Some churches in Oregon occasionally get a two-for-one deal.
That’s what the Revs. Wes and Carol Sedlacek of Lebanon have told Episcopal congregations when they come to fill in for the regular priest on the occasional Sunday morning.
The Sedlaceks moved to Lebanon in 2002. Both are Episcopal priests, though neither one’s ministry is the typical giving-a-sermon-every-Sunday-morning gig, and how they found each other and found their vocations is its own story.
Wes Sedlacek is a chaplain at Samaritan Albany General Hospital and Samaritan Lebanon Community Hospital. Carol Sedlacek is the canon for Christian and leadership formation for the Episcopal Diocese of Oregon.
Wes, originally from Milwaukie, is a fifth-generation Oregonian whose great-great-grandfather, Doc Hartley, came to Oregon by stowing away on a wagon train. Hartley obtained a donation land claim near Gresham, where there’s a school named for him. His wife, who was born Carol Westerberg, is a third-generation Astoria native.
Wes holds a bachelor of arts degree in theater and history from University of Portland. “I was going to teach high school if the acting thing didn’t work out … and it didn’t,” he said. “I was in two professional shows before having to get a real job.” He added that his theater background has helped him with preaching.
Carol earned a bachelor of science in speech communications from Oregon State University. She had originally planned to become a pharmacist like her father, but something told her to prepare for a different type of work … one where she might sometimes speak to groups of people.
After college, Wes worked at remodeling, bartending and pizza delivery; he also did volunteer youth ministry in Episcopal churches.
Carol spent a year of service in Washington, D.C., as part of a program of Washington National Cathedral. She was a full-time volunteer program director in a low-income senior housing project. During that year, Carol discerned her call to the priesthood. She received a master of divinity degree from Virginia Theological Seminary in Alexandria.
Meanwhile, back in Oregon, Wes interviewed for a paid youth ministry position. Two Episcopal churches, St. Gabriel’s in Portland and St. Bartholomew’s in Beaverton, were looking to share a full-time youth minister. Because Wes was committed to managing a pizza restaurant, he decided he didn’t want to work for two churches. He inquired as to the possibility of just working at St. Gabriel’s, and was hired to do that.
At this same time, Carol had an interview at St. Bartholomew’s for a half-time clergy position but didn’t feel motivated to return to Oregon for less than a full-time job.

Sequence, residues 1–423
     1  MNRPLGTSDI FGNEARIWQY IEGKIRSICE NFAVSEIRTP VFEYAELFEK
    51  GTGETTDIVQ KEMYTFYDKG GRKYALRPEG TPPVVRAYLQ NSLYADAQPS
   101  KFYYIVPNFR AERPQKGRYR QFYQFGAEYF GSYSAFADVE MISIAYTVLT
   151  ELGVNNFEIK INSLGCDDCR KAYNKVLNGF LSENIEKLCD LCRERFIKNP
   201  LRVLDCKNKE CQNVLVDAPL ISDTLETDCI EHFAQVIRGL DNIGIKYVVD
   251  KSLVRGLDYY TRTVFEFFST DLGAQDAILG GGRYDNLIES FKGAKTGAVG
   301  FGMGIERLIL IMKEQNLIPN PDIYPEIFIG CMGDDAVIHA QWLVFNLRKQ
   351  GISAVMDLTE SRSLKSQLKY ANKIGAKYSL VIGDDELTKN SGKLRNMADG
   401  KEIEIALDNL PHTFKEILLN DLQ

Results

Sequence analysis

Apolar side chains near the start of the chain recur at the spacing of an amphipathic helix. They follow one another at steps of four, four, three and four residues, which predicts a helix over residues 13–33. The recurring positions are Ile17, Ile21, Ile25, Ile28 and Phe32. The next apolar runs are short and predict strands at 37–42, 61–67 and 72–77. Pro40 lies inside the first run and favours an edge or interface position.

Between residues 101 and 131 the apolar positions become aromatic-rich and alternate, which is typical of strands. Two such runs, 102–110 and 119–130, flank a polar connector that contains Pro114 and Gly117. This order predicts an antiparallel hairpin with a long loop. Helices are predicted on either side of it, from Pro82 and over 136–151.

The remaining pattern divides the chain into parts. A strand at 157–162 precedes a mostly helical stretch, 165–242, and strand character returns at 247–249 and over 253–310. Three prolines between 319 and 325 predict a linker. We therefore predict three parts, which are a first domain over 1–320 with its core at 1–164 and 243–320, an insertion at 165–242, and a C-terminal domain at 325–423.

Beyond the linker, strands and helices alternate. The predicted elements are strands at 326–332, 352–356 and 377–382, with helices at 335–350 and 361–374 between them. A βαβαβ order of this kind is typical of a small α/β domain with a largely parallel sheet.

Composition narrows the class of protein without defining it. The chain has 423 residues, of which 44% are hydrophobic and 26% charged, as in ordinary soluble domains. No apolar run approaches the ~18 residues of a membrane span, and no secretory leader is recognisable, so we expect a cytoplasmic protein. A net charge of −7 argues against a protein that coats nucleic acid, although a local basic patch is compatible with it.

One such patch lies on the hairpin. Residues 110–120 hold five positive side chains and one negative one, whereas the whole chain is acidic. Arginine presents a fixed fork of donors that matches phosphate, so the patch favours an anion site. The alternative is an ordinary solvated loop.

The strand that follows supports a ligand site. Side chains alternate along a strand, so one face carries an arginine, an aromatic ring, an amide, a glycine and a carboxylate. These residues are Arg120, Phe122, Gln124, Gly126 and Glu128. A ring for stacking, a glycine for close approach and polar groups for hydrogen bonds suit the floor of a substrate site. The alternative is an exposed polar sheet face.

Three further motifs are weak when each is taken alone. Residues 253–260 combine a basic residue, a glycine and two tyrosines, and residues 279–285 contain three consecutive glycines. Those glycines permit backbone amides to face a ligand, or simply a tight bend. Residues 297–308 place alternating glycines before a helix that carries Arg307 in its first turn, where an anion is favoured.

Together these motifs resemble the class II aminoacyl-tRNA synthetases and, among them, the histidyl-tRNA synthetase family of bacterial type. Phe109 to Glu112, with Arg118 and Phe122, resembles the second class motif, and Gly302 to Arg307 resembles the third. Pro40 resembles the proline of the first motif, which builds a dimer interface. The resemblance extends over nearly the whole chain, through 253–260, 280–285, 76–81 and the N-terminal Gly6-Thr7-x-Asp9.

But since Wes had turned down the youth-worker gig at St. Bartholomew’s, the staff there had an idea: Why not create a full-time assistant clergy position, and have that person focus mainly on youth ministry? And why not offer the job to Carol Westerberg? Carol accepted and happily returned to Oregon.
A few months later, Wes Sedlacek met Carol Westerberg when they were both appointed to the design team for a youth conference to be held at St. Bartholomew’s. Since they had the same day off, they started getting together to play golf, telling each other it wasn’t going to be a relationship, that they were just hanging out as friends.
When Carol was ordained to the priesthood in November 1994, Wes attended the first Eucharist where she presided. Afterward, they went to Dairy Queen and talked for four hours straight. As time went on, they realized they were flirting with each other and that they wanted to date.
The following Easter, they dyed eggs together. Wes wrote “Will you marry me?” in wax pencil on an egg and left it in the purple dye. Carol found it and said, “Is this for real?” Wes replied, “I think so.” They were married at St. Bartholomew’s on April 20, 1996 — 25 years ago this month.
The Sedlaceks spent time in Austin, Texas, where Wes attended Seminary of the Southwest. They moved to Lebanon in 2002, where Carol became the priest at St. Martin’s Episcopal Church. Wes became assistant rector at the Episcopal Church of the Good Samaritan in Corvallis. Eventually they moved on to their present positions.
“Wes and I each have our own ministries, and occasionally we get to serve together (at Sunday worship),” Carol said. “Those times are a real treat. Right now neither of us have our own congregations, so we get to do supply services (filling in for an absent priest) together. We’ve enjoyed going to places like Gold Beach or Sutherlin or Coquille to take services in the small towns together.
“For the first 10 years of our marriage, we both worked in different churches, so we rarely had the opportunity to worship together,” she continued. “So we treasure those times even now that we get to do that more often.
“Wes and I bring different gifts to the ministry. I like structure and planning and details. Wes loves all the possibilities and seeking out questions, rather than having all the answers. He’s the idea person, and I’m the one who can help transform those ideas into reality. We work really well together. And yes, there are some times of ruffling feathers, but we work through that and really treasure the gifts that we each bring.”